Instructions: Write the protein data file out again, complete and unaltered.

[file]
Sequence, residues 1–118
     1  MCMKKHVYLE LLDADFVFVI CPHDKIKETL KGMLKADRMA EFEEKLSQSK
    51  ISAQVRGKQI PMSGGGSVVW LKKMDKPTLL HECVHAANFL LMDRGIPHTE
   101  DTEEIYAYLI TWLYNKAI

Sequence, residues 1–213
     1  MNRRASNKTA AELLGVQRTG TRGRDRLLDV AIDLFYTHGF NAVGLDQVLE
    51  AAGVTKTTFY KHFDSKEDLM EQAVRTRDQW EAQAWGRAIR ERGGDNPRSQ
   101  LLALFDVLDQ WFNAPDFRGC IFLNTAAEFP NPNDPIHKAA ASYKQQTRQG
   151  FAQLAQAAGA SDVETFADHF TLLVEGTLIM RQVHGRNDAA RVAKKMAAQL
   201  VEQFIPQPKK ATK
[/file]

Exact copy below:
Sequence, residues 1–118
     1  MCMKKHVYLE LLDADFVFVI CPHDKIKETL KGMLKADRMA EFEEKLSQSK
    51  ISAQVRGKQI PMSGGGSVVW LKKMDKPTLL HECVHAANFL LMDRGIPHTE
   101  DTEEIYAYLI TWLYNKAI

Sequence, residues 1–213
     1  MNRRASNKTA AELLGVQRTG TRGRDRLLDV AIDLFYTHGF NAVGLDQVLE
    51  AAGVTKTTFY KHFDSKEDLM EQAVRTRDQW EAQAWGRAIR ERGGDNPRSQ
   101  LLALFDVLDQ WFNAPDFRGC IFLNTAAEFP NPNDPIHKAA ASYKQQTRQG
   151  FAQLAQAAGA SDVETFADHF TLLVEGTLIM RQVHGRNDAA RVAKKMAAQL
   201  VEQFIPQPKK ATK